By Tracey Cheek
Virgin Galactic's SpaceShipTwo, VSS Unity, made its second successful flight on Friday, marking yet another milestone on its path to commercial space travel.
"Today was a huge step forward for the company," Virgin Galactic CEO George Whitesides told Cheddar following the successful flight.
VSS Unity launched in the Mojave Desert, a place Whitesides noted was the "birthplace of supersonic flight," at 8:00 a.m. Pacific Time, reaching a height of 295,007 feet, and achieving a boost speed of Mach 3.04 for the first time ever. By comparison, Mach 1 is the speed of sound, which is about 760 miles per hour at sea level.
The company's successful flight created three new astronauts in the process. Chief Pilot Dave Mackay and co-pilot Michael Masucci were in control, with Chief Astronaut Instructor Beth Moses in the cabin to evaluate the in-flight customer experience. It was the first time a test passenger was onboard a Virgin Galactic space flight. Moses was also the first woman to ever fly on a commercial space vehicle.
The company is already selling tickets for its first commercial flights. Whitesides said about 600 people are already signed up for a round-trip ticket at its current price of $250,000.
Whitesides, who is also the CEO of The Spaceship Company and was previously Chief of Staff at NASA, said the goal is to bring the experience of space flight to more people. He believes sending people to space will ultimately benefit Planet Earth.
"I think it's super important for the whole world to get the perspective that we are truly on a spaceship together, Spaceship Earth," said Whitesides. "I think having dozens and eventually hundreds and thousands of people going to space with us and with other companies is going to have a huge impact here on planet Earth."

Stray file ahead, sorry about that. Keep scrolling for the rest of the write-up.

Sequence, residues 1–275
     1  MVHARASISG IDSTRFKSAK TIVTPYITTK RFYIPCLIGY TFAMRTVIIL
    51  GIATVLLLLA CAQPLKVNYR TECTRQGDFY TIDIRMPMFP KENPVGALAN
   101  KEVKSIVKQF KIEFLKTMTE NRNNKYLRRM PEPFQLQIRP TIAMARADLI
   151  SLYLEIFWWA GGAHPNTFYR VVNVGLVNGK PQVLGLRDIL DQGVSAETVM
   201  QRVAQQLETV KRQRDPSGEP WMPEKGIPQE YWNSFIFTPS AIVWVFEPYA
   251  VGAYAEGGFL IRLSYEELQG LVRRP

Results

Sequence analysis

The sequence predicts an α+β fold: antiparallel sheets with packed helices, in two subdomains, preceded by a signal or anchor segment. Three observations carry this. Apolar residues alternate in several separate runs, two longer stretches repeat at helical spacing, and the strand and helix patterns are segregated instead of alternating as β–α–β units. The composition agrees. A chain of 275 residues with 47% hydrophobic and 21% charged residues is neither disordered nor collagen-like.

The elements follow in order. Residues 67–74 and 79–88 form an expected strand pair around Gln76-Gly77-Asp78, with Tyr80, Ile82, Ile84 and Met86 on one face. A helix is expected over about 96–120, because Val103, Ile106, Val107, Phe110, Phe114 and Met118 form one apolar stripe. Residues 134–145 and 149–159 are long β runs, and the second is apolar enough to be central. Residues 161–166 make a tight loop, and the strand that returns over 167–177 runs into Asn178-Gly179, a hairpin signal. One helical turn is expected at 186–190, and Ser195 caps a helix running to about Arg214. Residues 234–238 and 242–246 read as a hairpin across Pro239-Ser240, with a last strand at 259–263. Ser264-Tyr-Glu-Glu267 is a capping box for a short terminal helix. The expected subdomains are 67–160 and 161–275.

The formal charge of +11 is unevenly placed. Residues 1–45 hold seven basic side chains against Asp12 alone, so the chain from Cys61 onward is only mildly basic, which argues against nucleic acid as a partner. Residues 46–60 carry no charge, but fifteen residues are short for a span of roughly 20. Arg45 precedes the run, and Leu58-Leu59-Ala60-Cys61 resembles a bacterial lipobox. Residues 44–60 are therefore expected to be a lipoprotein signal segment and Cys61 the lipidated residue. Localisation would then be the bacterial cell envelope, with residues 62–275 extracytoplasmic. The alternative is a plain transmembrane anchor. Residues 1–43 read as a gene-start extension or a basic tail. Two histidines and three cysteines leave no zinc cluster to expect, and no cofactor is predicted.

Competition in the space exploration industry is picking up speed. Elon Musk's company SpaceX just launched a historic mission with Israel's first private moon lander. Whitesides said that competition is a good thing, but noted that the company's competitors all have slightly different goal. For Virgin Galactic, he said the focus remains on commercial space tourism.
"At the end of the day, though, we have to create safe products, we have to create a safe experience, and we know that. We're not going to be racing with anybody else, we're just going to be focused on creating the best possible experience that we can ーand the reality is this is going to be a supply-constrained market for the foreseeable future. There's just so many people who would love to go to space, that the real thing is we just have to create something that could take them up safely, and then over time we'll add more vehicles."
For full interview click here.